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Tuesday, October 6, 2015

Asthma Medicine: Home Versus Hospital

The following was originally published on February 16, 2015, at

Asthma Medicine: Home Versus Hospital

The goal of asthma treatment is to prevent and control asthma so you can live a normal life with it. Still, from time to time, some asthmatics require a hospital admission to get their lungs back into shape. When this happens, the medicine you normally take at home may change and be administered in a different fashion than you’re used to.

Here are some changes to expect if you ever require a hospital admission for your asthma.

Controller Medicine. Usually, if you take asthma controller medicine at home (Advair, Dulera, Symbicort, Breo) you will continue to receive the same medicine in the hospital. This is important to note, because it usually takes 2-3 weeks for the medicine to get into your system and start working. Your admitting physician surely won’t want you to start all over once you are discharged.

However, it’s important to understand that the brand used in the hospital may be different from what you use at home. For example, say you take Advair at home. The medicine in this inhaler is similar to the medicine used in Symbicort, Dulera or Breo. The hospital might only carry Symbicort, meaning you may receive a different inhaler while admitted. This is okay.

Now, some asthmatics (like myself) respond well only to a certain brands (in my case Breo), and respond not so well to the other brands. In this case, even if the hospital does not carry your brand, the pharmacist will make a special effort to get the medicine for you. Once you alert your admitting physician, there is no need to worry.

Rescue Medicine. Most asthmatics carry a rescue inhaler (albuterol, xopenex) on them at all times, and use it when they feel asthma symptoms. In the hospital you will not take your rescue medicine on your own, and instead it will be delivered by a Respiratory Therapist (RT).

This is an important change, because most asthmatics are admitted for unstable asthma. An RT can keep a close eye on you during the treatment. If the treatments are not working, the RT might call your physician so you can get the help you need.

Nebulizers before inhalers. Most physicians prefer you do not use your own inhalers in the hospital, and instead rely on the nebulizer brought by the respiratory therapist. There are two very good reasons for this:]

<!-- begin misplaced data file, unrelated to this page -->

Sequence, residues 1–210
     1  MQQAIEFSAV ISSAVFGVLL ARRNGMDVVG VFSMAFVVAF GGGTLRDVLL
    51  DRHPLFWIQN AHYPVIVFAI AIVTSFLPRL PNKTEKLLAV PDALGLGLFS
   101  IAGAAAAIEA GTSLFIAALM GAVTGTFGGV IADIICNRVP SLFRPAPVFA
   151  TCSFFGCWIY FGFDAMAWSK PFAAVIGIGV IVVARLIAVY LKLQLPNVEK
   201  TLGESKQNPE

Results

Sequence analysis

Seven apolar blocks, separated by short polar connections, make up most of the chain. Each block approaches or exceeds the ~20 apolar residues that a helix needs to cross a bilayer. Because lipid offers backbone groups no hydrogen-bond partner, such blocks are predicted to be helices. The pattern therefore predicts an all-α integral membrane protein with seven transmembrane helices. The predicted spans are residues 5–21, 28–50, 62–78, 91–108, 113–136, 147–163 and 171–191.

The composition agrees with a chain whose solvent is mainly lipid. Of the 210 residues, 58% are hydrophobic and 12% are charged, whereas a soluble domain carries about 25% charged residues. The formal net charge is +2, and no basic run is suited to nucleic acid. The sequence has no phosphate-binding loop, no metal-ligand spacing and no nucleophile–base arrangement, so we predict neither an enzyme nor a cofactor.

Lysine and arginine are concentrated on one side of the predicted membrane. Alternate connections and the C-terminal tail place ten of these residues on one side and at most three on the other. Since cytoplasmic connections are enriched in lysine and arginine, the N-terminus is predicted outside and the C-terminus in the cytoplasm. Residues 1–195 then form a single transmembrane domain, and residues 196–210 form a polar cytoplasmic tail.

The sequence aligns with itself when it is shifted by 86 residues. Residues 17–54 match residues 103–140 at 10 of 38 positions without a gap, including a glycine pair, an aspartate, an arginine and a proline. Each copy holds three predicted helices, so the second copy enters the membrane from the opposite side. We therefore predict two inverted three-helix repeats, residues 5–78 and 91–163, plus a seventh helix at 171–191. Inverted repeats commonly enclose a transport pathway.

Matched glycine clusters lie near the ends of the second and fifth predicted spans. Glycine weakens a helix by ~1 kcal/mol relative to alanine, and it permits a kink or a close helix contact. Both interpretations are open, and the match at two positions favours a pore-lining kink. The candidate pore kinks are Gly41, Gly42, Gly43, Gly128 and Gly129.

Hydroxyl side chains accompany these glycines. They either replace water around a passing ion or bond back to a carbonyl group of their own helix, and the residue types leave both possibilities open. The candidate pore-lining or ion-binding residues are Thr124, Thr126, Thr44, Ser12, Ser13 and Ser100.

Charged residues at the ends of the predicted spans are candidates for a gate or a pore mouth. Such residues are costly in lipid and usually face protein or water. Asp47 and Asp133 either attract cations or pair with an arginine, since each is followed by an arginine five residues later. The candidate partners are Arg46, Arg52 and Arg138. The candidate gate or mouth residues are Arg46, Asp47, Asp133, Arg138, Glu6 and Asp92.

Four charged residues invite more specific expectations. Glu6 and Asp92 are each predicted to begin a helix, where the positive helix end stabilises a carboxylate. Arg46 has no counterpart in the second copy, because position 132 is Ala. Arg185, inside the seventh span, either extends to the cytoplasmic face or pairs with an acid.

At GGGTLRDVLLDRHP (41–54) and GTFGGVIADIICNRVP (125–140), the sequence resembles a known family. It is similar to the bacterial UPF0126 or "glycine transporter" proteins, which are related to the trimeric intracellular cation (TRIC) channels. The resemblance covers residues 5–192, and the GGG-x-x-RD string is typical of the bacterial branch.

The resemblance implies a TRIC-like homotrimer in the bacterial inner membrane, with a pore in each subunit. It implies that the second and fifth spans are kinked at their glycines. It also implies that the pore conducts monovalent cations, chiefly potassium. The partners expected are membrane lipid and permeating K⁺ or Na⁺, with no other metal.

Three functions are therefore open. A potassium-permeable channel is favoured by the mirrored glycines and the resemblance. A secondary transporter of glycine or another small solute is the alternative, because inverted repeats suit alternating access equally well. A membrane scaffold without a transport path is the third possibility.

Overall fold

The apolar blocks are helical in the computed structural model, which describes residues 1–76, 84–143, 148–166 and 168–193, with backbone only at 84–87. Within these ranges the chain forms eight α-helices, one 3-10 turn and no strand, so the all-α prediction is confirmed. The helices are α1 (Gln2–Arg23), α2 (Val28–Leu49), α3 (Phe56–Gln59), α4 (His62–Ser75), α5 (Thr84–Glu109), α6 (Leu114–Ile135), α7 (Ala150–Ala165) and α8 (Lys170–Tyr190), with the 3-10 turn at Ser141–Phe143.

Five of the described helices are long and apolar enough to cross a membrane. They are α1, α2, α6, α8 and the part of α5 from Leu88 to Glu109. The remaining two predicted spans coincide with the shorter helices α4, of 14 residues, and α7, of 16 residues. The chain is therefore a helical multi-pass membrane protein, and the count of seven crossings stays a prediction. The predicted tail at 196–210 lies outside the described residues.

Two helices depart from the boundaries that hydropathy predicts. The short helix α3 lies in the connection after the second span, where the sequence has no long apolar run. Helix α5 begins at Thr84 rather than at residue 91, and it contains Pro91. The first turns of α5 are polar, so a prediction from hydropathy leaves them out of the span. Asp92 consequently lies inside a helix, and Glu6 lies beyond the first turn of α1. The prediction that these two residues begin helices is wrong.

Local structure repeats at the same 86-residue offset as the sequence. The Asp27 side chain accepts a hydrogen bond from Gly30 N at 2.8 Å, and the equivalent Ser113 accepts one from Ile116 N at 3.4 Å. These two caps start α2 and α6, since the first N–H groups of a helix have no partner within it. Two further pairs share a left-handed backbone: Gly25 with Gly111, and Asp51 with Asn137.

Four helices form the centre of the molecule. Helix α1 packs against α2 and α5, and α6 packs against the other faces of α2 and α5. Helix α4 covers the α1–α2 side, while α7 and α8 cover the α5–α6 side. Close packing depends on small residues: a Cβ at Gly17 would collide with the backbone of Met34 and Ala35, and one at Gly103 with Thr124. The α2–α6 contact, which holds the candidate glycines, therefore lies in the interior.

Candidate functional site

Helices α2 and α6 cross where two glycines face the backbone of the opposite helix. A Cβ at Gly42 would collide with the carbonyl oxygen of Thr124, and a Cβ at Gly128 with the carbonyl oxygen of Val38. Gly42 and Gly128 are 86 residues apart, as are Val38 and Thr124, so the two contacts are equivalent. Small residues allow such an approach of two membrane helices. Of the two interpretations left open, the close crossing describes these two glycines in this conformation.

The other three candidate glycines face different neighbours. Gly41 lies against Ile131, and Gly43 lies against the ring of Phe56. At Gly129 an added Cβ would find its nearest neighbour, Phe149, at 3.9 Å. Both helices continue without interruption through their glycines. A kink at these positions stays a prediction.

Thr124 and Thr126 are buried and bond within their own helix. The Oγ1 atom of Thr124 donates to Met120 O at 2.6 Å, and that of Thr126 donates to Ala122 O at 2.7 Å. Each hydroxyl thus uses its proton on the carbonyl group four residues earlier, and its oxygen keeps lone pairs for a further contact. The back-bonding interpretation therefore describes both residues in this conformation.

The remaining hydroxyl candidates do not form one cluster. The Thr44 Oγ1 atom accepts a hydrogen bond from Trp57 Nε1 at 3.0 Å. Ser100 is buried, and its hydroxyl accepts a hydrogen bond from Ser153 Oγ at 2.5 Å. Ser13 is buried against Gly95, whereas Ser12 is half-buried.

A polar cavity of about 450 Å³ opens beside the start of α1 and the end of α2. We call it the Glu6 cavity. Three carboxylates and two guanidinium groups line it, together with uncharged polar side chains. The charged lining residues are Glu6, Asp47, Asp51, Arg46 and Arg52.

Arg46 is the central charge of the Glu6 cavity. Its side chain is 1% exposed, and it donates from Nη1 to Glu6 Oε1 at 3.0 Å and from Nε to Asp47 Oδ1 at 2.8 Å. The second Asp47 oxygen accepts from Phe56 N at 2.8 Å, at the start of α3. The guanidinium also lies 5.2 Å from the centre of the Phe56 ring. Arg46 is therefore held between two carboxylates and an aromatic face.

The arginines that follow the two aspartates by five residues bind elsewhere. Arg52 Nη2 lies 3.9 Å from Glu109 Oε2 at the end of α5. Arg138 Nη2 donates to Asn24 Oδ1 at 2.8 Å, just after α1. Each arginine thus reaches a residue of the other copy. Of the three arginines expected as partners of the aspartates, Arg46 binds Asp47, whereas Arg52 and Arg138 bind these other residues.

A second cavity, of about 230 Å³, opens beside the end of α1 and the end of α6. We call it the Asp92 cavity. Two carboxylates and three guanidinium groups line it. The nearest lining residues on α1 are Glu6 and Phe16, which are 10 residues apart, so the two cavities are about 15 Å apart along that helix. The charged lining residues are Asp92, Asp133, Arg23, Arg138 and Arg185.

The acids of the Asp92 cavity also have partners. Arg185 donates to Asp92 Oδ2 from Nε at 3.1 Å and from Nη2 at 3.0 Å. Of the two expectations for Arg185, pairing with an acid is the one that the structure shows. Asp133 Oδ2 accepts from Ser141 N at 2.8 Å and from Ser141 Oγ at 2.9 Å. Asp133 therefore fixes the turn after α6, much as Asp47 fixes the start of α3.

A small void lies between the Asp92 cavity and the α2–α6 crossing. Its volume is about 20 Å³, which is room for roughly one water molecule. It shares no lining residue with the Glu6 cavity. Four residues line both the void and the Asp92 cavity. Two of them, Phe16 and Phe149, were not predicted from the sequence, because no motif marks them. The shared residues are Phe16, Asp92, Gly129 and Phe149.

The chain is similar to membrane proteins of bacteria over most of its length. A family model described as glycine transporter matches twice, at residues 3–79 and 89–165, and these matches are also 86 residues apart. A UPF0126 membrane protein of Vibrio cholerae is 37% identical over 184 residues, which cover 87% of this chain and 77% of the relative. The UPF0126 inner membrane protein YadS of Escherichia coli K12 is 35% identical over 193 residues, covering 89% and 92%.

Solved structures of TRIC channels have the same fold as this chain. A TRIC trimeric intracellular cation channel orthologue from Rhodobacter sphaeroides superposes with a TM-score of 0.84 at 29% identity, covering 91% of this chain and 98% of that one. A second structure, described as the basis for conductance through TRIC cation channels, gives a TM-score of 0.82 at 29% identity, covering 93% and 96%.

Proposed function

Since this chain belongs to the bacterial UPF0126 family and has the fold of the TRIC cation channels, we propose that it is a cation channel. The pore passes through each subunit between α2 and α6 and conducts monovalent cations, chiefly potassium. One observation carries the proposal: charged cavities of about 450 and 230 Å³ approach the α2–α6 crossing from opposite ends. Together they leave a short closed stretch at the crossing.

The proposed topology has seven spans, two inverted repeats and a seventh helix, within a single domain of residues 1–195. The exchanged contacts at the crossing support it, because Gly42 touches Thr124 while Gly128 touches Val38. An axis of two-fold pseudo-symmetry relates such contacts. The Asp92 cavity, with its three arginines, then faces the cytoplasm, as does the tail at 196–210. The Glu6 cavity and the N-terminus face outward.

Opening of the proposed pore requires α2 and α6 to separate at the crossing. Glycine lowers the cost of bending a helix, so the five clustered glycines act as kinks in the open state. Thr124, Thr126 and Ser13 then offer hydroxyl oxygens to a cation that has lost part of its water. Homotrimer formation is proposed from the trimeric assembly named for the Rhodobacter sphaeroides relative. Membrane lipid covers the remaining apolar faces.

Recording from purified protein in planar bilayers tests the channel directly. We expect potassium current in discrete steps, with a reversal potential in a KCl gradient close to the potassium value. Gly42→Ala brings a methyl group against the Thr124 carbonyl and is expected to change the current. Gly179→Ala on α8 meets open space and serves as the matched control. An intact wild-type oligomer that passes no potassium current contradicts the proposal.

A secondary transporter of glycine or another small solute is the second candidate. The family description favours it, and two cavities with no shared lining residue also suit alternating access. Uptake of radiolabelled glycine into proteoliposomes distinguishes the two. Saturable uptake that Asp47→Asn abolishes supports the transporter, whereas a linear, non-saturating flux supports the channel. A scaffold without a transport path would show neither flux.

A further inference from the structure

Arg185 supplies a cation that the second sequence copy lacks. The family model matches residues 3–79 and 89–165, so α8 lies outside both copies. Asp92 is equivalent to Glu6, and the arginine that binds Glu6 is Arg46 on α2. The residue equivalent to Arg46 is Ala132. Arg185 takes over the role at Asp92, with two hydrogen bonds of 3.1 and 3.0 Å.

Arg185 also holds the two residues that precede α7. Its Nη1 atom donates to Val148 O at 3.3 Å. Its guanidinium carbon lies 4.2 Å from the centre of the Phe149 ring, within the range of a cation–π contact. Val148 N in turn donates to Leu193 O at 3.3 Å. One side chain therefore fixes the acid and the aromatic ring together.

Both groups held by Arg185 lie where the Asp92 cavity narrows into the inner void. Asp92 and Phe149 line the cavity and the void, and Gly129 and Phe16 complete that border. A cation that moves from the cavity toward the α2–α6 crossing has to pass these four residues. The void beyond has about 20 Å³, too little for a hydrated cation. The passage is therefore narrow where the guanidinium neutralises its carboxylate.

• Diminished Flow. During an asthma attack, air trapped inside your lungs prevents you from generating enough flow to actuate inhalers. 
  • Longer Duration. Nebulizers allow you to inhale the medicine slowly over a period of five to ten minutes, compared to a single puff of an inhaler. This assures good distribution of the medicine throughout your air passages. 
Feeling better? Once you start to feel better your physician may try to get you back onto your normal routine before you are discharged. At this time you may keep your inhalers at your bedside and use them when you normally do. You may still get breathing treatments when you need them, although you will probably have to call for one and wait for an RT.

Education. A nurse or RT will probably make sure you are well educated about your medicine and how to use it. You may be required to demonstrate proper technique prior to using it on your own. This is all good. It’s an effort to make sure you are doing everything right on your part to keep your asthma under control.

Gallant Asthmatic. Before you are discharged your physician will probably write a prescription for all your home medicines, and this may include some changes from your previous routine. By taking these exactly as prescribed, you should be able to live a normal life with asthma like Jake Gallant.

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